The do’s and don’ts of hitchhiking

About a year ago I tried to hitchhike for the first time. At the time I was in Australia, and had already been travelling in the cars of strangers by means of rideshare. I would look on a website called Gumtree to find people who would be driving to and from certain places, and they would take me along to share the costs of gas and of course to have some company. Up to that point, I had been lucky and even found a couple who took me along on their road trip from Sydney to Uluru to Byron Bay. In Byron Bay it suddenly got a lot harder. There didn’t seem to be any people driving up the coast, so I would either have to wait for someone to show up, or buy an expensive hop on hop off bus ticket for a bus that would take me a long way but wouldn’t give me a lot of options. I was a bit torn until a girl who worked for a tour operator suggested to go hitchhiking. I decided to just give it a try, and ended up hitchhiking for the remainder of the time I spent in Australia (and a few times in Malaysia).

Of course, hitchhiking was a bit scary at first. I didn’t know what kind of people I would meet, and I knew I would have to decide whether or not to get in someone’s car in a very short amount of time. The tour operator girl did give me some advice to start off with (which will be a few of the do’s and don’ts below), so I knew the basics. Of course, experience made me more and more comfortable with the idea of travelling like this and I actually think it was an amazing experience. That’s why I want to give anyone who is considering to go hitchhiking a little advice, so you too can give it a go!

Don’t: Start unprepared
Do: Use Google Maps or something similar to figure out your route

Something that happened to me a lot is that someone would tell me the place they were driving to and I wouldn’t have known the place if I hadn’t looked at the map before. Knowing places around your route allows you to realize how far someone can take you and, of course, if it’s actually in the right direction. At least try to remember the biggest ones so you can ask if X is near Y. Another thing to prepare is the distance you want to travel in hours. Don’t just guess you might be able to make it somewhere, but actually use the route planner to see how long the drive would take if you would do it in one go. Doing that will allow you to estimate how long it will take you to get somewhere, after you add a bit of time to account for the actual waiting on the side of the road. The shortest time I’ve waited was no waiting time at all (someone saw me get out of a different car and offered to take me further), the longest was about 45 minutes (just after sunrise when there weren’t many cars on the road yet). I generally had to wait about 5 to 15 minutes to get a ride, but I was always aware that it could take much longer.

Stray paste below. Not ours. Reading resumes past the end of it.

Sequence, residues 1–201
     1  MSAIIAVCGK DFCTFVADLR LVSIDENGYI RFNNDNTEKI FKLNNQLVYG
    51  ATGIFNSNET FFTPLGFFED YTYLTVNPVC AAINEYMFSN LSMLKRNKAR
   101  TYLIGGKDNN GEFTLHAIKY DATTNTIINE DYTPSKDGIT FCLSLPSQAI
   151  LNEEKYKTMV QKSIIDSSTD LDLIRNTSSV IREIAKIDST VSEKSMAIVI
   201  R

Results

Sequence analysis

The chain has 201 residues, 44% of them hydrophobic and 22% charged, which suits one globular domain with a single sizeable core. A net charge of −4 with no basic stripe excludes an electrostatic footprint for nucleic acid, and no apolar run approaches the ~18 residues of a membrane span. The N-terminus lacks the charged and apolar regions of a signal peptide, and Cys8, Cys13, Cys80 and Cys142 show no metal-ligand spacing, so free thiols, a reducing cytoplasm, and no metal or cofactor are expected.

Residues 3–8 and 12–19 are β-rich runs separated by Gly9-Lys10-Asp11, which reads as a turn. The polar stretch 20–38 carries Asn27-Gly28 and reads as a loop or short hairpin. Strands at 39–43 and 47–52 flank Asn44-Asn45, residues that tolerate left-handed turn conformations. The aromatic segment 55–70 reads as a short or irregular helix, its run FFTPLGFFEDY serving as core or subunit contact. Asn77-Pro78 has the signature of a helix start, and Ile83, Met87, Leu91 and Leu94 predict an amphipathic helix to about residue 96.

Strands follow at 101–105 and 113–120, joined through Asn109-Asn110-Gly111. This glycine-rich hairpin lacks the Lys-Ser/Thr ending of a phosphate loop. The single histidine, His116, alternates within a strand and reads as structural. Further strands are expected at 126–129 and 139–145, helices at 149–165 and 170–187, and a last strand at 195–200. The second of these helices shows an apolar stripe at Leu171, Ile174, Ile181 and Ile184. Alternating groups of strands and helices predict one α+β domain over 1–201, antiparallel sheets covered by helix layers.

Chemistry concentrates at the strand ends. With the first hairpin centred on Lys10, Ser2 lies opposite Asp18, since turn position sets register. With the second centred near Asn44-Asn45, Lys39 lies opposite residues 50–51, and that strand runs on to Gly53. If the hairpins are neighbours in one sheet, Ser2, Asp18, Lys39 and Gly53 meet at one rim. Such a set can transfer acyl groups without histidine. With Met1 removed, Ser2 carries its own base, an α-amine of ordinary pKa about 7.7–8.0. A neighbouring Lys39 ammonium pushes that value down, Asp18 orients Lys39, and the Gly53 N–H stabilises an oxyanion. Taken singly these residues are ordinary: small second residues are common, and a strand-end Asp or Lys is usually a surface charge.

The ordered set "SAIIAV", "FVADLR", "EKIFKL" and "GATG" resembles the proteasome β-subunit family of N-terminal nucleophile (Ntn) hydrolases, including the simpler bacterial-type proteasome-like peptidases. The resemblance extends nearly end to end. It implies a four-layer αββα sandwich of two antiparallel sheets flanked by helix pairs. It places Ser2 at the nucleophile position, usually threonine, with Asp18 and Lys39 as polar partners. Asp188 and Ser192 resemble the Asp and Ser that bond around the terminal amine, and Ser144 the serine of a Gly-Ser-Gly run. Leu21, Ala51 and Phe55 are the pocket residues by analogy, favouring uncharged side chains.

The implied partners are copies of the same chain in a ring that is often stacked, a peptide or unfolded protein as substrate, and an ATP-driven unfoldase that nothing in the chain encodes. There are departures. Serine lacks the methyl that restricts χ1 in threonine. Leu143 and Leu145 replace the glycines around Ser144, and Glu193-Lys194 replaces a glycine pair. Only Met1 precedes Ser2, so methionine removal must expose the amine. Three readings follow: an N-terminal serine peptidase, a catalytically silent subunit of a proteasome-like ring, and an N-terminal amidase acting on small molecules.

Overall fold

Don’t: Wait forever
Do: Change position

Of course, you don’t want to wait too long. The only reason I waited that long one time was because there weren’t any cars around. If there are cars and they just don’t stop, it might just because of your position. Position is extremely important! You need to be in a place where people can see you from a distance (so they can slow down and take a look at you before deciding to stop – they have to trust you too), and the car needs to be allowed and able to pull over to let you in. If a lot of people drive past you at tremendous speeds without even glancing towards you, you might just be in the wrong spot. You have two legs, so if this spot doesn’t seem to work, walk a kilometer or two to find a better one. Another thing is that people who drive in cities generally need to go somewhere in that city, so try to position yourself somewhere along the road that people use to leave the place. If that is too far, definitely accept a ride that will bring you to the edge of town. Once you’re there it gets much easier! Keep position in mind when the driver drops you off too, so you won’t have trouble getting the next ride if you need another one.